Then we shopped at the market, picking up my favorite kind of honey in the whole world (fireweed), a pound each of jumbo sea scallops and wild sockeye salmon, and a bouquest of fabulously fragrant sweet peas.

On our way back to the apartment, I mentioned that we were going to need to bring the rental car back this week, since we only had it for month, and then decide what we wanted to rent for the rest of the trip. I couldn't remember exactly which day it had to go back, so I looked at the paperwork--and realized it was due back in an hour! So we dropped the fish off at the apartment and headed back out to the airport.

When I got to the Avis counter, they didn't give me a hard time at all about getting the corporate rate, which was great. But they didn't have any of the intermediate size cars that you get for that rate. At first, she said that all they had were SUVs, and that we could have one of those for the intermediate rate, which I wasn't thrilled about. But when I said that I'd wander down the aisle and talk to Enterprise about their options (a bluff, since I knew full well they didn't have any cars available today), she told me that we could get a Prius for the same rate! w00t!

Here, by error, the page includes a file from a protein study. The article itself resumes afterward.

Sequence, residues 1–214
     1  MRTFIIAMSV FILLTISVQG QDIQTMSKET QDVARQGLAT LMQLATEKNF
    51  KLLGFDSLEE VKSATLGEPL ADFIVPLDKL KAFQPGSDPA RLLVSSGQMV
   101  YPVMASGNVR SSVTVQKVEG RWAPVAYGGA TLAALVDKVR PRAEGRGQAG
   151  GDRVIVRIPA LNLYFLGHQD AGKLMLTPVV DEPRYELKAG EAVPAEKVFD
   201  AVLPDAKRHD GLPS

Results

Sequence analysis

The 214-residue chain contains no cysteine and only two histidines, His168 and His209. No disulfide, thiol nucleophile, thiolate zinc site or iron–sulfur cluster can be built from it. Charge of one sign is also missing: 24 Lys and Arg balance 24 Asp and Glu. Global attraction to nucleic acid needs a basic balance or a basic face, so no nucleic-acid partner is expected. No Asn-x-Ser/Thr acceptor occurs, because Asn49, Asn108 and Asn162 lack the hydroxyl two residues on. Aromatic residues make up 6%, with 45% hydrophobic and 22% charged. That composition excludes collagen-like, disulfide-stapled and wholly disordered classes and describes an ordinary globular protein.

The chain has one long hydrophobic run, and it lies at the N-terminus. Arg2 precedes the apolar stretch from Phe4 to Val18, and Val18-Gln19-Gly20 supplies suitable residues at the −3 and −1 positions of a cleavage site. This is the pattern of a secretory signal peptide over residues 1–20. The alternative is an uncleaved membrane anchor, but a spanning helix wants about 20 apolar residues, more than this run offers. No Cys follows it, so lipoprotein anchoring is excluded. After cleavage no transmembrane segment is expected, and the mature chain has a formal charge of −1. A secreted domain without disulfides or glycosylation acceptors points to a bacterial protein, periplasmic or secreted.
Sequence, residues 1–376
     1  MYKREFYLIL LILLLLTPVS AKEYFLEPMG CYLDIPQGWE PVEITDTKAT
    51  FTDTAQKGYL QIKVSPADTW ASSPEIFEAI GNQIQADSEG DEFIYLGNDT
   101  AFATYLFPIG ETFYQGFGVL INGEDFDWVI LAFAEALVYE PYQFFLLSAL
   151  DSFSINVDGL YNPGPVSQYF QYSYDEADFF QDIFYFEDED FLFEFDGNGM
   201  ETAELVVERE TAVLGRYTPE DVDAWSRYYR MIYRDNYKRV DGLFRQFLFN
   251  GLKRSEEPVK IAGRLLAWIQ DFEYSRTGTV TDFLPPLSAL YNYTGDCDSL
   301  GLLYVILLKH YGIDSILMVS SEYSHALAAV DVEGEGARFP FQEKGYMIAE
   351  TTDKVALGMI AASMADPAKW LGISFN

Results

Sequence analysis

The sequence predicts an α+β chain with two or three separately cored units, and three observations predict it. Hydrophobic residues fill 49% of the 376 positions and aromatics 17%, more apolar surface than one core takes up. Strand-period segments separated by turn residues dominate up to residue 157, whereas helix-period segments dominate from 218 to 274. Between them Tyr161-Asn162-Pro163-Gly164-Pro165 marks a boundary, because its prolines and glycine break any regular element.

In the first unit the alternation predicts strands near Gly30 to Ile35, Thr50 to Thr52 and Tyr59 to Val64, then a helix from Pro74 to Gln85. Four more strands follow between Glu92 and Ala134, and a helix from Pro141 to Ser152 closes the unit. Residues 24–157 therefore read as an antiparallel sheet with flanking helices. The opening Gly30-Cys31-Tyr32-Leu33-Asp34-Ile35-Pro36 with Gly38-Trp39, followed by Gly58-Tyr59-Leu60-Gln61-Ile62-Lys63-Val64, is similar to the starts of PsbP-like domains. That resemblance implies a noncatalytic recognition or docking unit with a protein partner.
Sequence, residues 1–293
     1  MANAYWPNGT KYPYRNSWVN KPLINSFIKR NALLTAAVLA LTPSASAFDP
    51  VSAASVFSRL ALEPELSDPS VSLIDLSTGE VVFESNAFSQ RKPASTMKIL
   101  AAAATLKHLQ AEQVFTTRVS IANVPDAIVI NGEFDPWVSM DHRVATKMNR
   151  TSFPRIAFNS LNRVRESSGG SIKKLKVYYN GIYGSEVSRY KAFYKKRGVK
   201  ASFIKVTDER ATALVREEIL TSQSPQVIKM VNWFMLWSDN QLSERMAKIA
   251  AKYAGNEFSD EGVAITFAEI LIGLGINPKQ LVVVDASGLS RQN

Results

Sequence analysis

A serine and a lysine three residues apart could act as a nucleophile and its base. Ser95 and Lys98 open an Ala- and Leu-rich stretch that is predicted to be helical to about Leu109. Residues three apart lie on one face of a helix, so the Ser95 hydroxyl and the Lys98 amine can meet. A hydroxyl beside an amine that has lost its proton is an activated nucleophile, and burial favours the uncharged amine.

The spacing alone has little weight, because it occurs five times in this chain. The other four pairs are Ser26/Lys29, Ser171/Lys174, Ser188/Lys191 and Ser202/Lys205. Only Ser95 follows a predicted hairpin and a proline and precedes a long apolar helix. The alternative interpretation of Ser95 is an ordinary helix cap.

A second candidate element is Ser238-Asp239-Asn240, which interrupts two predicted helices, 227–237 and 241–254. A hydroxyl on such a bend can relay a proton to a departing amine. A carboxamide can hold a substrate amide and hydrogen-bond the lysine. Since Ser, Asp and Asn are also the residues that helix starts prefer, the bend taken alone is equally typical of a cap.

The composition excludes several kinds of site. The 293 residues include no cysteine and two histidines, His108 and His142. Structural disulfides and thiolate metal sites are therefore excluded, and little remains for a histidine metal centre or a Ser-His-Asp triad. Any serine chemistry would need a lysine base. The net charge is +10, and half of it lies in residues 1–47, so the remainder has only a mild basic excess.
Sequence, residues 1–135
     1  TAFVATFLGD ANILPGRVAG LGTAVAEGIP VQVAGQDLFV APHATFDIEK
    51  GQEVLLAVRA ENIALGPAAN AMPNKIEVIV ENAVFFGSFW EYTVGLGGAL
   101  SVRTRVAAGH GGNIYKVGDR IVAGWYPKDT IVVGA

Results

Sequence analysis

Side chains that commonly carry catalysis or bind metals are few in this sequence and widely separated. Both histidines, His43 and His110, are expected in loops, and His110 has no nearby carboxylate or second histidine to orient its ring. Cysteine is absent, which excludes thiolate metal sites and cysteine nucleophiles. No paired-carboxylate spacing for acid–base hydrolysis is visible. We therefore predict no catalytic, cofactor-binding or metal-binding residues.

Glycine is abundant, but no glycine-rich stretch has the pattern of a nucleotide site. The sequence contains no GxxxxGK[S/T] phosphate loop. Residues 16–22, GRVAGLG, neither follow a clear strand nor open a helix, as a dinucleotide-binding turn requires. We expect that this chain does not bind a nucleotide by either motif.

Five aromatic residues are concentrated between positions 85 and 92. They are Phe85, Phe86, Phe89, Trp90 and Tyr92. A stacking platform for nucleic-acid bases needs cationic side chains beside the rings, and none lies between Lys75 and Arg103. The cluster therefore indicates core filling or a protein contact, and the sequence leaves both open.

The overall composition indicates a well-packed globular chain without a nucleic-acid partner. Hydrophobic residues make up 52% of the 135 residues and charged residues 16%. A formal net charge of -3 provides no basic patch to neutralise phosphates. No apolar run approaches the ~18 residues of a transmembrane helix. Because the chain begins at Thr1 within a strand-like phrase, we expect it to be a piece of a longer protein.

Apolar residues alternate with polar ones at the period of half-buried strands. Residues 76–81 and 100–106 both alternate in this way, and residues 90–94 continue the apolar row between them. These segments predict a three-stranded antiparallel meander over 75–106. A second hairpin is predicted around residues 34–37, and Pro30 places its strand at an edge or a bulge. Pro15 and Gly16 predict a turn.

So we drove home from the airport in a brand-new 2007 Prius with only 1200 miles on it. I haven't driven it yet, but Gerald was very impressed!

All in all, it was an excellent day. And it promises to only get better when Gerald cooks up the seafood for dinner...

(Oh, and I took pictures, especially of the beautiful flowers.)

home sweet home away from home

It was a lovely weekend in Seattle, which Gerald and I spent getting me settled into the new apartment, and celebrating our fourteenth wedding anniversary with a dinner cruise on board the Royal Argosy. It was hard to walk out the door this morning and say goodbye, but I know he'll be back in just three weeks.

The apartment is quite nice. Not luxurious, but very well located. We're two blocks from the Redmond Library (where I went tonight to get my card), and across the street from a plaza with a grocery store, game store, Hollywood Video, and chinese takeout. And we're adjacent to the Sammamish River Trail, which is making me seriously consider learning to rollerblade. There's a pool just outside our balcony, which will be great for the kids, but means that we get an awful lot of noise throughout the day from people frolicking. Still, if you have to have noise, joyful noise is the best kind.

Today was new employee orientation. While they claim it has been significantly revamped since I went through it just 23 months ago, it didn't seem that way to me. And again, as a visiting researcher I fall through all the cracks--they ended up once again putting me in the intern group, where I feel completely out of place.

I go back again tomorrow for just a half day, and then (finally) get to head to MSR. I'm so looking forward to getting to work with Lili, and seeing so many of the people I got to know when I was here before.